Bidirectional typechecking, in which terms either synthesize a type or are checked against a known type, has become popular for its scalability, its error reporting, and its ease of implementation. Following principles from proof theory, bidirectional typing can be applied to many type constructs. The principles underlying a bidirectional approach to indexed types (generalized algebraic datatypes) are less clear. Building on proof-theoretic treatments of equality, we give a declarative specification of typing based on focalization. This approach permits declarative rules for coverage of pattern matching, as well as support for first-class existential types using a focalized subtyping judgment. We use refinement types to avoid explicitly passing equality proofs in our term syntax, making our calculus close to languages such as Haskell and OCaml. An explicit rule deduces when a type is principal, leading to reliable substitution principles for a rich type system with significant type inference.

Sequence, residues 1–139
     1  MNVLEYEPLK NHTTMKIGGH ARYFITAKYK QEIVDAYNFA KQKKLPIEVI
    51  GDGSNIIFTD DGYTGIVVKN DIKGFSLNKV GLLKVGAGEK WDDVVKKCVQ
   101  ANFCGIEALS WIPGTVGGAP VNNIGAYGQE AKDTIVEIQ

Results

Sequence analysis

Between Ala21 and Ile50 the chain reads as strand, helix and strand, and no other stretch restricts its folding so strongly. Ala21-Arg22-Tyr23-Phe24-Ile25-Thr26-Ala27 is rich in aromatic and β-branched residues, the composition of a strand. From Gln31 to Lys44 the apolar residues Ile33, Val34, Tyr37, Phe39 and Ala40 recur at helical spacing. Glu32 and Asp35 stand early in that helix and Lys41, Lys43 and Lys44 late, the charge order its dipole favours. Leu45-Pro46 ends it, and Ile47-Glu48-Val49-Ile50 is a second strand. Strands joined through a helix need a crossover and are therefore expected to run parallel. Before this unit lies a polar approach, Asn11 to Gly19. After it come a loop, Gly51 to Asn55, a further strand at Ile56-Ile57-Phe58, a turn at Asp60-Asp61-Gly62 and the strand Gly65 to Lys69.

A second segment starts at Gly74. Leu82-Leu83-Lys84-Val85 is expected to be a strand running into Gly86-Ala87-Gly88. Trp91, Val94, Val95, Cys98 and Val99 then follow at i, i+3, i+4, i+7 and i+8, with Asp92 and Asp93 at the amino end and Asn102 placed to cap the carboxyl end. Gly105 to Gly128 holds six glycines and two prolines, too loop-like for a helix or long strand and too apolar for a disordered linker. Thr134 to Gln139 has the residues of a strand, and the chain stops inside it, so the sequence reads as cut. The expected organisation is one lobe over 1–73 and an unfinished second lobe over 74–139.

We also give a set of algorithmic typing rules, and prove that it is sound and complete with respect to the declarative system. The proof requires a number of technical innovations, including proving soundness and completeness in a mutually-recursive fashion.
If you are very interested in the details, we have a long (153 pages!) technical report with all of the proofs.
Don't be put off by the proofs, though -- the algorithmic type system is only modestly more complex than our earlier paper on bidirectional typechecking, and this go-around we add a lot of new features, such as intersection types, existential types, GADT-style equality constraints, and a full account of how to do pattern matching (including coverage checking) with all of these features.
Logically speaking, the punchline of the paper is that proof theory knows of two formulations of equality -- the Martin-Lof identity type, and the Girard/Schroeder-Heister equality. (Hilariously, these two notions of equality are not the same.) Furthermore, GADTs work exactly like the Girard/Schroeder-Heister equality. Everything things works uncannily well, and our rules (even the algorithmic ones) are much simpler than many of the rules you'll find in the literature.